International students learn language, life

International students learn language, life

by Erin Serpico

ESOL conversations unite different cultures

Adam Lax knows it’s difficult for international students to be in an environment surrounded by people speaking a different native language.

The graduate student experienced this challenge after living in China for three years. But now, he’s the coordinator of this university’s English for Speakers of Other Languages conversation program and trying to alleviate such problems for other students.

The ESOL conversation program brings together students from different countries to exchange their cultural backgrounds and English-speaking skills, Lax said.

“Most international students, particularly those whose first language is not English, encounter additional hurdles/challenges in pursuing their academic success in the U.S. in comparison to their domestic counterparts,” ESOL counselor Yi-Jiun Lin wrote in an email.

The program is a free service offered through the counseling center’s Learning Assistance Service that pairs a student with an English-speaking volunteer or forms groups of about eight students. The pairs and groups meet for 10 one-hour sessions each semester, conversing and practicing English and trying to understand American culture, Lax said.

“Overall, the goal is to help,” he said. “Most students enjoy it, and numbers have gone up.”

While Lax acknowledges that the program is not a formal English class, it does benefit international students at this university.

“A big thing is cultural exchange,” he said. “[The program] is not there to teach English — it’s more of a way to practice English conversational skills.”

While the program proves rewarding, if it were better advertised and funded, it might be easier to recruit more volunteers, said Chen Zhang, a graduate student who has been participating in the program for two semesters. He came to this country from China in 2010.

“Sometimes [the students are] very shy — they don’t want to speak too much,” Zhang said. “It’s a huge program. We have a lot of people. … They need help.”

Within the ESOL program, participants tend to outnumber volunteers, Lax said.

Participating in the program as a volunteer is a semester-long commitment, and student interest is steadily increasing, he said. In the fall semester, the program had about 66 volunteers and 188 students enrolled, he said.

There is also not enough funding for the program, Lax said, and because funds are limited, it’s hard to hold events and specialized programs to further students’ success.

“If there was funding for it, it could stand on its own,” he said.

An influx of students enrolling in the program without a similar influx in volunteers could mean some students wishing to participate would be unable to register, and with too many participants for each volunteer, “the quality of the program goes down,” said Xinchen Hu, a December 2013 alumna.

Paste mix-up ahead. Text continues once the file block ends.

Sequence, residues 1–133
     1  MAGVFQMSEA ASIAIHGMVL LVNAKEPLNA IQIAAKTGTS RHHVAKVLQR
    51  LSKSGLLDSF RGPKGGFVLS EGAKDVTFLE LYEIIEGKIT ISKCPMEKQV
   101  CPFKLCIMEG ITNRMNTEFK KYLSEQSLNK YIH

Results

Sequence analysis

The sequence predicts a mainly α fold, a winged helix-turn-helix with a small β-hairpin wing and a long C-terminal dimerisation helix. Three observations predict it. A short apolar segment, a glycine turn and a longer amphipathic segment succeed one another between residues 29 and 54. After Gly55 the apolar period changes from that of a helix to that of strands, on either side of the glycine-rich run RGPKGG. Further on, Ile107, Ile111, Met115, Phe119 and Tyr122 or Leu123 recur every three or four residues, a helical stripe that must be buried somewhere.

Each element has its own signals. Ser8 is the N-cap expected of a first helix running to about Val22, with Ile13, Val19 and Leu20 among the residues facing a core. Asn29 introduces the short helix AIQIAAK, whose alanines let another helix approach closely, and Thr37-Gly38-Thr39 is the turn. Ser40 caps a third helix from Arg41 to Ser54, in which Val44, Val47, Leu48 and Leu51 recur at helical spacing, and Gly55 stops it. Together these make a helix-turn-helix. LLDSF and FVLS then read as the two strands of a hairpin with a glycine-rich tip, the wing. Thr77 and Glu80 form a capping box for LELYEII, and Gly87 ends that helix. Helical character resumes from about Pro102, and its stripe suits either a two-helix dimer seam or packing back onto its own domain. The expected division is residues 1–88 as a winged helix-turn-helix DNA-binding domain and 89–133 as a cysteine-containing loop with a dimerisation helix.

Hu, who completed her undergraduate study in China, came to this country in August 2012. During her second year of graduate study, she joined the ESOL conversation program after hearing about it from a friend.

“My friend told me it’s very useful to practice your English with native speakers, so I participated,” Hu said. “We don’t have too many American friends who are students. … We need a lot of opportunities to practice English.”

Aggie Hu, an intern with the ESOL conversation program and international graduate student has been working with the program since October and also serves as a volunteer for the program.

She said it has “always been the case” to have more participants than volunteers, mainly because the service is a valuable resource to students, but volunteers need to find time to commit to it. With more outreach and promotion, she said more volunteers might come forward.

“Even with me, my English is better than many of my Chinese classmates,” Hu said. “But it’s even hard for me. So I can understand their experience. … I really want to better the ESOL program and offer more opportunities where they can come out and really integrate in the American university.”

Other programs offered through the Career Center and Counseling Center, such as the International Students Group provide resources to these students academically or emotionally.

Lin, who leads the Counseling Center group, wrote it provides a safe environment for any international students to talk about socialization, cultural exchange and adjustment to the campus.

It is a “closed group,” meaning once it fills up for the semester, they won’t take new members until the following one, Lin wrote. They address anything group members bring up, including issues such as cultural adjustment, career concerns, distress or racial discrimination.

“The nature of closed group is to ensure safety and trust in the group as well as the opportunity to form deeper connection with other group members,” Lin wrote.

Lin also agrees that this university could do more for the underserved population but wrote the university created the International Undergraduate Student Task Force after acknowledging the increasing number of international students on the campus.

“We just need to get a bit more creative about this,” Lin wrote.

Linda Clement, student affairs vice president, put the task force together two years ago to try to improve the experience international students have at this university. Clement said she had concerns about the experience students had here and wanted to work on improving it.

Clement said she was not aware of any plans this semester for additional programs.

While he acknowledged the university tries to support international students, Lax said he thinks more can be done.

“I don’t know if [international students] are supported enough,” Lax said. 

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